Over time, those accommodations were lessened. Daily behavior reports turned into every other day (and now we’re on weekly). For homework it was “okay on Mondays you have to put our folder in your backpack unprompted” and then we gradually added days. He gets no assistance with making sure homework gets home now or turned back in.
Bottom line, in my opinion, support with small increments leading to the end goal of independence is the way to go.
PS – We have the same issue with glasses. We went through 4 pairs last year! He has managed to keep the same pair of glasses for the last 5 months now. We think we’re on a roll!! (knock on wood)
Thank you for the articles. They made me almost cry because they remind me so much of my son. I reached out to an old friend, whose daughter has Asperger’s, and she was able to refer me to a local non-profit that may be able to help with diagnosis and any necessary counseling or treatment.
I feel like I did right before I turned in my portion of the Conner’s Test for the ADHD, like my heart is breaking. Part of me doesn’t even want to pursue the testing, even though I know it should be done.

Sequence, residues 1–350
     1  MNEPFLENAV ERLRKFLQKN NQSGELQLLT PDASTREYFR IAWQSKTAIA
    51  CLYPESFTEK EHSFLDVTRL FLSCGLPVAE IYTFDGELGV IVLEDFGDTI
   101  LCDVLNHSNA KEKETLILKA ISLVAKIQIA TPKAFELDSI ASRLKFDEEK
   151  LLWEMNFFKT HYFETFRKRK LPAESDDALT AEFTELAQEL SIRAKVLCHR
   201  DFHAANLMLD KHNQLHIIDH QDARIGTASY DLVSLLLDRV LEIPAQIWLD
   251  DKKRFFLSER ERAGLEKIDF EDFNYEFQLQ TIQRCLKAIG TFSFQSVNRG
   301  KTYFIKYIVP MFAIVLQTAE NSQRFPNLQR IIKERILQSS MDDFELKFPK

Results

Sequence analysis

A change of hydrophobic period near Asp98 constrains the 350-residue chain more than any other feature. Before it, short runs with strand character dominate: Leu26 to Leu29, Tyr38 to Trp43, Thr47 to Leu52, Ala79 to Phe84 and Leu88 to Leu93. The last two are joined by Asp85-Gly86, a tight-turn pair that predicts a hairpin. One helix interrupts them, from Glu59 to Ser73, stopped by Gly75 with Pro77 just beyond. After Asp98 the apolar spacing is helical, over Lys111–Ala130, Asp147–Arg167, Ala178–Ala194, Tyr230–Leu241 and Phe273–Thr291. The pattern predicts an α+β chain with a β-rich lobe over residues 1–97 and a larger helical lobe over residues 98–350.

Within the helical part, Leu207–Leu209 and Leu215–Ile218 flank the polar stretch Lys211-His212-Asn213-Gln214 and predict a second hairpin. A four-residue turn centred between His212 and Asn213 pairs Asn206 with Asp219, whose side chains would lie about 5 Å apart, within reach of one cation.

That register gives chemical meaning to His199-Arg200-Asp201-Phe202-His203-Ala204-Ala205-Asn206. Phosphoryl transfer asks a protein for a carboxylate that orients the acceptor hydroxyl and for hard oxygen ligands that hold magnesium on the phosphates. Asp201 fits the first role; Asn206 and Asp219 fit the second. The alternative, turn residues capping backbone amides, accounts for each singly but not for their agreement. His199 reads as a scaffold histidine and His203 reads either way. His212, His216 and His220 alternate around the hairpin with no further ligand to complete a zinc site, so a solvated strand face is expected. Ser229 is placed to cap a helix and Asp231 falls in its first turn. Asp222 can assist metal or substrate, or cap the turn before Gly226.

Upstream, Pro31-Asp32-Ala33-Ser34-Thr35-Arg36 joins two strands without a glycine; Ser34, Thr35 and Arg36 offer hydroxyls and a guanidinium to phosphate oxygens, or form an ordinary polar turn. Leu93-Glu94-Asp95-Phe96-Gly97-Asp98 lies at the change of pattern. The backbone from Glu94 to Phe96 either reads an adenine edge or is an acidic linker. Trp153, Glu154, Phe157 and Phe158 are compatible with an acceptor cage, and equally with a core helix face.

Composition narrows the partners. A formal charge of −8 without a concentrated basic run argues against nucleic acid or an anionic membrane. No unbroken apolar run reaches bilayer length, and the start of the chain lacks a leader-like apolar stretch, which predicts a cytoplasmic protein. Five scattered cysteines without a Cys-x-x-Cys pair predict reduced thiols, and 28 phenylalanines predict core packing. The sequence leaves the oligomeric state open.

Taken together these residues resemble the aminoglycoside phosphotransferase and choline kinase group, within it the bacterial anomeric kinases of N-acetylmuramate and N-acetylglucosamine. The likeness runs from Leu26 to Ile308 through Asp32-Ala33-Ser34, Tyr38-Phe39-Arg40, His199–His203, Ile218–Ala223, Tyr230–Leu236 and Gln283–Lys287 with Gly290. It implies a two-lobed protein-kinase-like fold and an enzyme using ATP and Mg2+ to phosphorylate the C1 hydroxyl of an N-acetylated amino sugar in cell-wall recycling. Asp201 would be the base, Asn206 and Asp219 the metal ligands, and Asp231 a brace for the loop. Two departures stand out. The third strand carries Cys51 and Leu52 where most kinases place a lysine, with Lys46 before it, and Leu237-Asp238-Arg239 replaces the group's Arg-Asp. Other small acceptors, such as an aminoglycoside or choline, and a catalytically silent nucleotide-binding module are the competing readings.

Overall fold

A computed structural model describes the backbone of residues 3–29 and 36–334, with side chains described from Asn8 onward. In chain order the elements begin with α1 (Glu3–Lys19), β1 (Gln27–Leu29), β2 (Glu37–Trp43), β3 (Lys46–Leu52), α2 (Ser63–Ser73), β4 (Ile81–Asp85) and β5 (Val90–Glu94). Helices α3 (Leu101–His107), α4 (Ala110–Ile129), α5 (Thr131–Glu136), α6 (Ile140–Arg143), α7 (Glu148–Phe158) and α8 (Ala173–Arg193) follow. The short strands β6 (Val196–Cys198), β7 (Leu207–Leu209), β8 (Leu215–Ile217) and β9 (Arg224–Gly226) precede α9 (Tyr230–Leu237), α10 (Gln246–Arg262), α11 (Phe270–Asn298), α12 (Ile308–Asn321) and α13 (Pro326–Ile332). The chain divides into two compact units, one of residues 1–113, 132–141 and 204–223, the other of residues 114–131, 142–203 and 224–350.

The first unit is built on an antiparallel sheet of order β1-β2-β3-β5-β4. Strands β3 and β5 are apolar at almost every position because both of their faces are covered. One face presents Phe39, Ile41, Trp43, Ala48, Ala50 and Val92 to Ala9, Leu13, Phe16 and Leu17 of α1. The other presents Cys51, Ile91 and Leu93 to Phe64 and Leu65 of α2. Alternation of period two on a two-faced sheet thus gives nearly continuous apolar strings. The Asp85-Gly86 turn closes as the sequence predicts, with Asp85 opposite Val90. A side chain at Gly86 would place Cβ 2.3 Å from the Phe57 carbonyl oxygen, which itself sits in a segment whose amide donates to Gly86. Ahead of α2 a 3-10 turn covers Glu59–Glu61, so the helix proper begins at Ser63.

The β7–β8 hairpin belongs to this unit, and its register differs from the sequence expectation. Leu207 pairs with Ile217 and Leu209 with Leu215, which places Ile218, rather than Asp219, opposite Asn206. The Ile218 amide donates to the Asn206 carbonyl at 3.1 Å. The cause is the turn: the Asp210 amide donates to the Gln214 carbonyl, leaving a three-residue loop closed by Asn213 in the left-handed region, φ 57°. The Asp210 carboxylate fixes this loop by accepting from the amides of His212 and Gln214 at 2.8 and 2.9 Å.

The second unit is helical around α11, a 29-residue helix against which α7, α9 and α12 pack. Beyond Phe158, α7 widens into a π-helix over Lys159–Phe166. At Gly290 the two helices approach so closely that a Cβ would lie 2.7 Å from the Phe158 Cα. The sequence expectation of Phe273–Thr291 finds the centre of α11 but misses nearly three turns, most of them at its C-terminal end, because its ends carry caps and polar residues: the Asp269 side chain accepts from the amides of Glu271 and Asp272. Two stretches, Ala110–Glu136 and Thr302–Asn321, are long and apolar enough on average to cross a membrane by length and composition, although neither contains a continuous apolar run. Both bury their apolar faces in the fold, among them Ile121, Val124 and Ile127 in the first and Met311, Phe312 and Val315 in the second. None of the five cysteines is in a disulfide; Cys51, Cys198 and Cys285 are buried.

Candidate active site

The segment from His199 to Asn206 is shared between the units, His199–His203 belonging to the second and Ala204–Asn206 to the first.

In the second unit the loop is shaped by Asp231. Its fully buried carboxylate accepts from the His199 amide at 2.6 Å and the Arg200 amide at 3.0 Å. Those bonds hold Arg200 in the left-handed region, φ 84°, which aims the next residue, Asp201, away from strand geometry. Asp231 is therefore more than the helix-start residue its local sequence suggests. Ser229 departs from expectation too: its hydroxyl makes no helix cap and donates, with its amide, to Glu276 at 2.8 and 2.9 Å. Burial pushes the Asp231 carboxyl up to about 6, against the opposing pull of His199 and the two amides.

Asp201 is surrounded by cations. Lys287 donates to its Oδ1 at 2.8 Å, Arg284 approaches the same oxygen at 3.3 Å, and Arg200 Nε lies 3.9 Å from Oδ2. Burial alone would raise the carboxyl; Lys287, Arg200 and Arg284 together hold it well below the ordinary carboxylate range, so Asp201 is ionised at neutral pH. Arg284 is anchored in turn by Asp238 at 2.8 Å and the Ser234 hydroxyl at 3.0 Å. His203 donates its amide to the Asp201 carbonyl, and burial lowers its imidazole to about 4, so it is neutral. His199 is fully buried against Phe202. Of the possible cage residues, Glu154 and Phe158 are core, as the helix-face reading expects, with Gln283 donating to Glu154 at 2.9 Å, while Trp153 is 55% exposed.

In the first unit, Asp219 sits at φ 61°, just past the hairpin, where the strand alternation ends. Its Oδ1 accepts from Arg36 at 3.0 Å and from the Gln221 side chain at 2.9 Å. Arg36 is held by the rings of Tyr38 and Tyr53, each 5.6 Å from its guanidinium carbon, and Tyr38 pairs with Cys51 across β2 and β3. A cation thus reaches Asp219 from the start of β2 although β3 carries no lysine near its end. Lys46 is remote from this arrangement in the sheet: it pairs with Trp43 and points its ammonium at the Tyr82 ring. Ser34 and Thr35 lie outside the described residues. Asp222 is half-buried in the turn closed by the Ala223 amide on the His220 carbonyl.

I concur with the other posters who have suggested making all communications in writing and getting the higher-ups involved. While not with grades, we had issues with an IEP and BIP- teachers were not implementing but complaining about my son’s poor behavior at the same time. My suggestion that they follow the BIP (that was PROVEN to help my son) fell on deaf ears.
I started putting everything in an email. And not just to the Special Education teacher, but also to the Principal, Vice Principal, and every General Education teacher he had. When that didn’t work, I looped in the Director of Special Education for the district. I made sure I knew the process, so I could say things like “if progress is not made by [date], I will be proceeding with filing a formal complaint with so-in-so”. We got a meeting and when I showed up for it the front desk receptionist at the school told me that she had never seen the Director of Special Education EVER come to a meeting.
You can be nice while also being firm and not letting yourself be stepped on.